Folder Redirection is often seen in conjunction with Offline Files, mainly for laptop users. Offline Files offer a way to cache folders (especially those ones that have been redirected) locally to the device for the situations when the redirected shares are not available. Anyone who has ever used Offline Files may well be familiar with the fact that it is an absolutely godawful piece of technology. Again, in the absence of anything better, it is quite usual to see Offline Files in use in the enterprise.
Folder Redirection problems
Unfortunately, Folder Redirection can, in some situations and configurations, bring a plethora of problems of its own.
The main ones relate to redirection of the APPDATA folder, which is a can of worms all in itself. This folder is where (generally) application data and configuration items are written to. Redirection of this folder can cause application instability, poor performance, network overheads – a whole gamut of different issues. It’s a very contentious issue, redirection of the APPDATA folder, and one which you can probably find a lot of Internet debate about without contributing further to it here. Here’s a quick example of a redirected APPDATA causing problems opening PDF files from the browser:-
It’s not just APPDATA, though – in the XenApp and XenDesktop world especially, I’ve seen a lot of problems where folders like Desktop have been redirected. Mainly, it causes performance issues as the Desktop is constantly refreshed across the network when interacted with. In this example, I’ve put 45 10MB files locally on the desktop of the user. Here, I will show the user interacting with them when they’re stored locally…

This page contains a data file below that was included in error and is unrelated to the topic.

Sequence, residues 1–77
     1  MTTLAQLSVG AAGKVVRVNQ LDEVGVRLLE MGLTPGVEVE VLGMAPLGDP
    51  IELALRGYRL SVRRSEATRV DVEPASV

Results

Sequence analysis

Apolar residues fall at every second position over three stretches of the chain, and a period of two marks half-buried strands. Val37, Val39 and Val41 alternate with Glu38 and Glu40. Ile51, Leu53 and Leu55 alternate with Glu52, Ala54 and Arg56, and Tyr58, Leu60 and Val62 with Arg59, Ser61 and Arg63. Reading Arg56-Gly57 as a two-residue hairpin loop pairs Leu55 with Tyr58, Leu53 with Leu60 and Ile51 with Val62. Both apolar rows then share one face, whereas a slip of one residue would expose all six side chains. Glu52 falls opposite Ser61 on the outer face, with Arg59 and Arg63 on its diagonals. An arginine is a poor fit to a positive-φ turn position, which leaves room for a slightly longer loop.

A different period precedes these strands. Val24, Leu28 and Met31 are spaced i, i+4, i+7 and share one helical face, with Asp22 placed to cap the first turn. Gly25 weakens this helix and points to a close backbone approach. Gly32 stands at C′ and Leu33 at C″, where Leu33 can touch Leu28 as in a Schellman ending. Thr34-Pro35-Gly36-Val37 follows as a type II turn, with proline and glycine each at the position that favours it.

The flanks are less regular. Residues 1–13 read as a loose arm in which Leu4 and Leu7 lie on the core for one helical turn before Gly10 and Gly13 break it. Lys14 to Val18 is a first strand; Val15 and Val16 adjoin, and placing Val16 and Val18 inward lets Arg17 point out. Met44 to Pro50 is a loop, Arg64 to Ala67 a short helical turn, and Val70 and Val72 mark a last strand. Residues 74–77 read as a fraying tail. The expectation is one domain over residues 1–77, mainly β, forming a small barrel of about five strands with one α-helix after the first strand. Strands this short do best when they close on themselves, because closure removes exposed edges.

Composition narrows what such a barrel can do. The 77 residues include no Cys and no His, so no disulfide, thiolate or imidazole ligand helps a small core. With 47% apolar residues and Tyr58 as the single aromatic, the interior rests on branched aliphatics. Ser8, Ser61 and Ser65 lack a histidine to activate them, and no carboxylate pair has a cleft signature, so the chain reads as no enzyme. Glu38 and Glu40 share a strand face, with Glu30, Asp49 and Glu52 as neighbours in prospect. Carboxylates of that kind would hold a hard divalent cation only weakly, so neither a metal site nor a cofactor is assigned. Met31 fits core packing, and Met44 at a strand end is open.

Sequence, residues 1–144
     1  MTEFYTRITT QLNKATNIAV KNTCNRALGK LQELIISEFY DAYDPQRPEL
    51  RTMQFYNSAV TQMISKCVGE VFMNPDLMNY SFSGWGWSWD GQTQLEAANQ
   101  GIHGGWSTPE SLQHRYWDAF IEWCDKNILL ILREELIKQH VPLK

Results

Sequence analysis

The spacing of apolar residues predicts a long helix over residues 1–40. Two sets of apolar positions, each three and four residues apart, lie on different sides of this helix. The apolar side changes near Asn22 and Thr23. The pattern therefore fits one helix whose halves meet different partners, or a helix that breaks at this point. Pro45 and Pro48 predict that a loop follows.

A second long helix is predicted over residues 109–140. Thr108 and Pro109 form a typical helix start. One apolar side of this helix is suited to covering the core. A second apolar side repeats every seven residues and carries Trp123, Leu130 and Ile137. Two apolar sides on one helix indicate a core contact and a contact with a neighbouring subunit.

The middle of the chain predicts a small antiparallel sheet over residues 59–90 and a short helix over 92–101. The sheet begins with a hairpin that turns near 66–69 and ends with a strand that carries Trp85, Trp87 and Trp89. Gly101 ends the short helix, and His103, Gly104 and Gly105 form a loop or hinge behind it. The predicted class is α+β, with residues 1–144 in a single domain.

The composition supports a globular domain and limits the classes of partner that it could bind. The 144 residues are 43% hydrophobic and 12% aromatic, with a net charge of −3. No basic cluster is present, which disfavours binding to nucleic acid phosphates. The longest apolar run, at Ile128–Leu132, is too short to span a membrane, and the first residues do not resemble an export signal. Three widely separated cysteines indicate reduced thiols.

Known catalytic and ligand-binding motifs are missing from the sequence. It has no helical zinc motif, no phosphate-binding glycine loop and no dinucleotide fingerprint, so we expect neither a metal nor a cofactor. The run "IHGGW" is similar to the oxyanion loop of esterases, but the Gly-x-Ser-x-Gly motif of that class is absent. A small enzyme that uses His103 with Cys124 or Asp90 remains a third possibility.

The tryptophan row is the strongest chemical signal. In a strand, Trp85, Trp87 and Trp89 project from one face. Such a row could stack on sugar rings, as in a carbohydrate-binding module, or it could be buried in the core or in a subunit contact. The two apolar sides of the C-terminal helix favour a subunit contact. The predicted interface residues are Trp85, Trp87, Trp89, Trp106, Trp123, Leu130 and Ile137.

…and as you can see the interactions are fine, the user can pull up a context menu easily, there is no appreciable load on the system. Now let’s give the user a redirected Desktop folder and attempt to repeat the same tests…
…and you can see we now have huge CPU spikes, a hang in the Explorer process, and general difficulty for the user interacting with files on their desktop. Imagine this extrapolated out across a XenApp server with multiple users – the portents aren’t good. Redirecting one particular folder – the Desktop in this instance – has become a straight trade-off between good logon times, or good in-session performance.
The point I am trying to make is that Folder Redirection was brought along to solve some problems that we had, but over the years has simply brought us other ones. Redirecting any folders with lots of files in soon becomes an issue (Start Menu, Recent Items, Cookies, etc. – all of these I’ve had some sort of problem with in the past). AppData redirection is a whole problem in itself – only last week I saw a Citrix installer crashing repeatedly until we stopped AppData redirection. Shawn Bass, Aaron Parker and Helge Klein did a series of blog articles and presentations a few years ago regarding AppData redirection in particular, which should give you some further reading on it should you wish to do so.
We got around these issues by adopting different methods for retaining AppData and other high-volume folders. Ivanti UWM (particularly under its AppSense brand), Citrix UPM, RES, LiquidWare – there were many vendor solutions that tried to fill the hole and solve the problems of both roaming profiles and Folder Redirection. And to an extent many did, but there were always overheads of cost, infrastructure, maintenance and resource associated with them. And we still leaned on traditional Folder Redirection to some extent – we simply changed how we dealt with the more problematic examples of this.
We have used Folder Redirection as a crutch for a long time for the problems of roaming, and combined it with Offline Files when users are mobile. What we need is a different solution, or at the very least a change in the traditional approaches. I generally see enterprises redirecting everything, or redirecting everything except APPDATA because of performance concerns, and using a third-party tool (UPM, UWM, ProfileUnity, etc.) to manage the application data. But that just raises other problems – such as the Desktop one – which result in us pushing more back towards the storage of data in the profile, and even with tech such as streaming, just exacerbates the issues with logons and logoffs and other KPIs. Generally, we are vacillating between the problems of the roaming profile, or the problems of redirected folders, or the problems of managing a third-party solution. Is it time for a root-and-branch rethink of what we are trying to solve?